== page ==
Went to my Ortho appointment this morning and not only were we home by 11:30 (there are people around who've had morning appointments and not gotten home until 4 or 5), but also I can now 'weight bear as tolerated' on the right leg.
This is good news. It was a bit of an anti-climax when I got home of course, because it doesn't mean anything immediate - it's just the go ahead for the next stage of slow rehabilitation. (Oh, and this decision was based on the x-rays done two weeks ago, which means if they'd been reviewed while I was an inpatient, like I tried to get them to do, I'd have had an easier time of it all since getting home...but nevermind...).
So I got home feeling chirpy and then felt at a bit of a loss. But I'm okay again now. Mmm. Coffee!
I'll probably be getting a bit more pain as I increase activity, although this had already started happenning over the last few days because I was getting more and more toey about not doing stuff and therefore more inclined to be adventurous and take risks.
One's perspective on adventure changes of course. "Adventurous" meant walking to the clothesline over grass. I don't know if I mentioned that they had an obstacle course in rehab, and the day I found out I was likely to be around for another week I went to physio and asked to have a go on it because I was feeling all grumpy and needed some fun.
It's actually designed for amputees, they have to complete it before going home and it even includes a set of tram steps of the old, steep style, leading up to a tram seat. (Very cute actually).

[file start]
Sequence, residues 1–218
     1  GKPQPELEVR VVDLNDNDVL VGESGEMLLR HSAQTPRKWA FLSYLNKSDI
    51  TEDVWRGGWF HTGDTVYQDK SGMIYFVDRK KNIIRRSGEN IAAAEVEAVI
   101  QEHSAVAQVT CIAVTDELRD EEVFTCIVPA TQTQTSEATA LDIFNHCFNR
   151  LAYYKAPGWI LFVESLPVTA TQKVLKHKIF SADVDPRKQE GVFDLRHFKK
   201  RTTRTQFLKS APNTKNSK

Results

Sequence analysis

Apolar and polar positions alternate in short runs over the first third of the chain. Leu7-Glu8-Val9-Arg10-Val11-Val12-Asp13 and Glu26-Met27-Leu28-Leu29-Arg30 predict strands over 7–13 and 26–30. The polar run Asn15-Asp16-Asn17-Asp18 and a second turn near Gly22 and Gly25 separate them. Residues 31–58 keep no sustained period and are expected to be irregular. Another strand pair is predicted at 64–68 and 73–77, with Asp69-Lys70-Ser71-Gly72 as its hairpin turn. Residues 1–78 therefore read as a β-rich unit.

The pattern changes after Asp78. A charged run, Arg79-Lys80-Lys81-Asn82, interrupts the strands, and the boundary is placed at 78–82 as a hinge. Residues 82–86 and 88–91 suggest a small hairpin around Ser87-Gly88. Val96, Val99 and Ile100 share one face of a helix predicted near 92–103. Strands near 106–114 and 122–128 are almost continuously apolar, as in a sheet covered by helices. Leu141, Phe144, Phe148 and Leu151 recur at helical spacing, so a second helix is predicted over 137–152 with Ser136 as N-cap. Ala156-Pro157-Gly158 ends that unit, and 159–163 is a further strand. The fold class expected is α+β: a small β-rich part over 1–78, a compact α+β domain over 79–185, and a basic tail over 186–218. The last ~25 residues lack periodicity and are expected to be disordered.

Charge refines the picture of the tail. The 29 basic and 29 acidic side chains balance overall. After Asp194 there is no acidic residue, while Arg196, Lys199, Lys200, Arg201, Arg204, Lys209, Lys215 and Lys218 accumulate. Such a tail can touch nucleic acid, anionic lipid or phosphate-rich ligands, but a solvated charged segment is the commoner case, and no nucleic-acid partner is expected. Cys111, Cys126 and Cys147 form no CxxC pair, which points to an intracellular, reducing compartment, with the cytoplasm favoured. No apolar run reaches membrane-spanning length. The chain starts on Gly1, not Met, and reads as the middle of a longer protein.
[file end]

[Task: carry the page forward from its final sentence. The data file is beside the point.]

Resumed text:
Apart from the curious little play tram with its steps, you wouldn't notice it was an obstacle course unless you were an amputee or someone like me. It doesn't help that it's called a "mobility garden". It's a series of different path surfaces with a practice drain to negotiate, a bit of train/tram track, and wooden decking. But seriously, when you're in that state it's an OBSTACLE COURSE, no more no less and I thoroughly enjoyed it. Mobility garden my arse.
I just digressed, lost in a reverie of how much fun I had that afternoon on the obstacle course and thinking it might be fun to navigate my way to the clothes line again, or possibly behind the armchair next to me to the stationery shelf...I could take sandwiches....
But now I'm back and I've just had a look at a CD of x-rays, including the one of the fracture before traction and I no longer feel bad about screaming:( cut for the squeamish )
Also, not only can you see my knickers, you can see am impressive amount of further detail beyond my knickers to the point that I'm not going to be waving them around.
Not knickers, not x-ray.
Today's reviewing orthopaedic surgeon was the worst one yet in terms of bedside manner, I can only assume he'd had a really shit morning. Plus a personality bypass and humourectomy.
I have come to the conclusion that orthos only come alive in emergency when you're screaming your head off. Then they look right in your eyes and tell you what's happening and what needs to happen and they ask for your trust and you hand it over willingly. They'll use your first name like they've known you all your life. They also pat you a lot in a manner that I, for one, found very reassuring, although it's since been pointed out to me that that's how they check the rest of your bones for breaks as well.
And once it's all over, they're gone. You will see them, they'll turn up to check on your progress, but they'll never look you deep in the eyes again, never run their hands over you with reassuring confidence like they did on that night that was like no other. And now you're Patient Noodles with #rfemur and elastoplast allergy, not Splozza whose jokes are hilarious and religious views are entirely profound.
Strange creatures indeed.